Medical Mystery answered - Loss of sensation and crazy skinny legs
The cause was Charlot-Marie-Tooth (CMT) — a constellation of neurological disorders that affect the peripheral nerves. Semmes had CMT Type 1b. All forms of the disease — there are 70 — result in muscle atrophy and lead to weakness and a progressive loss of sensation in the arms, legs, hands and feet, usually during adolescence or early adulthood. The disease occurs when a person inherits at least one defective gene from a parent; the errant gene causes the nerves to slowly degenerate, resulting in a loss of sensation. The severity of CMT, for which there is no cure and no effective drug treatment, varies considerably, even among affected members of the same family. Pain ranges from mild to severe and some people maintain mobility through the use of leg braces or other orthopedic devices. Physical therapy and exercise can be helpful in maintaining mobility longer, particularly when the disease is diagnosed early. Semmes said he is aware the disease is progressing. Numbness is moving up his legs and he is struck by the thinning of his wrists and ankles. Since his diagnosis, he has succeeded in losing 25 pounds, which can help retain mobility by decreasing the amount of weight his legs must support.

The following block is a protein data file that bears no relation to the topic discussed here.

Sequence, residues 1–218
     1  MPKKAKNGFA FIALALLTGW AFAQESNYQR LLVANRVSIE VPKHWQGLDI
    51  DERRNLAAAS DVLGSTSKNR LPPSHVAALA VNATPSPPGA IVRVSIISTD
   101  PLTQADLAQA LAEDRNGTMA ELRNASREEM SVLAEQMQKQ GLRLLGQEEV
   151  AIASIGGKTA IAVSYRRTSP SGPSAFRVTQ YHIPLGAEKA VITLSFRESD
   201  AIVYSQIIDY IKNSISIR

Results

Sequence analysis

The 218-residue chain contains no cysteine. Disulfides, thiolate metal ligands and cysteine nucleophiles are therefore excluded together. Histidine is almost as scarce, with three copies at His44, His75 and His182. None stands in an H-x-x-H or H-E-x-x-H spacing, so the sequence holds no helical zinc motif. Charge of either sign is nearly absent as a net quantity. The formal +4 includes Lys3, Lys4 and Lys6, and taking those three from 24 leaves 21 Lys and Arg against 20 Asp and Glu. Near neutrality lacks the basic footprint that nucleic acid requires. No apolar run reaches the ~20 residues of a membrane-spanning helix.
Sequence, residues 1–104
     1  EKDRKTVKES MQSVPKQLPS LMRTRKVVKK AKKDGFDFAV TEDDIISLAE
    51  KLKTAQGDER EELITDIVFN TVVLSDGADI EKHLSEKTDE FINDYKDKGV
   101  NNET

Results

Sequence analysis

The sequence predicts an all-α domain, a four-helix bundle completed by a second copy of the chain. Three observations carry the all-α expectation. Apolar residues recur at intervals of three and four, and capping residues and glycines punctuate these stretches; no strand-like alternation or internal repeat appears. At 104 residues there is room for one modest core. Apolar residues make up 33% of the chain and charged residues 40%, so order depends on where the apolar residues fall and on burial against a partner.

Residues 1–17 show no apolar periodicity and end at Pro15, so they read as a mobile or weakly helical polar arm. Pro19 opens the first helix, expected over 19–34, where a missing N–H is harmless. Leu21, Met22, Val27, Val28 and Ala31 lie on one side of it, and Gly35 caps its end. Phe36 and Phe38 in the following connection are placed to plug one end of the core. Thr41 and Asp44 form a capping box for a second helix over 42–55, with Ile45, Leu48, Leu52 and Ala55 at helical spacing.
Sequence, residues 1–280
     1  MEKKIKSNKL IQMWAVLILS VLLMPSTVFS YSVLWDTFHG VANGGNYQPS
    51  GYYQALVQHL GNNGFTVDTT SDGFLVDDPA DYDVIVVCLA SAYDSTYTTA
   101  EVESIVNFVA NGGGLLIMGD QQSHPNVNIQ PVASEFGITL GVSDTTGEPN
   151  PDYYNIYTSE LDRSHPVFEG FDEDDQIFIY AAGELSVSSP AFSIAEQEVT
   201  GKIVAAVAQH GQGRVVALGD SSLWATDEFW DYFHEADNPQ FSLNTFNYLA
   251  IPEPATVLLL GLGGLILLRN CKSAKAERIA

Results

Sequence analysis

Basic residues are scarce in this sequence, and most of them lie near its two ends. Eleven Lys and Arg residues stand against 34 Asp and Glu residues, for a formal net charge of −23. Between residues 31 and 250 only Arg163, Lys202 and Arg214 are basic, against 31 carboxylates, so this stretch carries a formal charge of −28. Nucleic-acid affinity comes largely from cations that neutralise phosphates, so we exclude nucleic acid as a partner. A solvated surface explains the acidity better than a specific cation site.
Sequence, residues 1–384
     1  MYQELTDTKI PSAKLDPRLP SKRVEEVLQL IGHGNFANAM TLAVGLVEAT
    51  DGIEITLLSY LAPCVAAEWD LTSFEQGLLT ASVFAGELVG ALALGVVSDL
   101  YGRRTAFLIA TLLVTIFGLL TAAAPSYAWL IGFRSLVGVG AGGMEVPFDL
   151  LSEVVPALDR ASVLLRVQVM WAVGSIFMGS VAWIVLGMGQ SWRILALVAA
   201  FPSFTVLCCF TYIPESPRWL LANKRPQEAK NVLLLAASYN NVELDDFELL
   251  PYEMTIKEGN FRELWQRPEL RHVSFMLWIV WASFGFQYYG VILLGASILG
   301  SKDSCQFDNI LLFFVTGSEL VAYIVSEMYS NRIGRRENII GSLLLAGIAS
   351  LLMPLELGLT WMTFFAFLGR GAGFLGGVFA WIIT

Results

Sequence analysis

Every year, since he turned 45, Thomas Clark Semmes, visited his physician for a checkup. The physician would prick the soles of Semmes’s feet with a pin but Semmes, now 56, never felt anything. In the last year of his life, his son noticed his “crazy skinny” legs and by how much his father’s hands shook. Semmes had begun to notice that his own feet were increasingly tingly or numb. In August 2013 while doing yoga, felt something in his knee pop. A day later he could barely walk.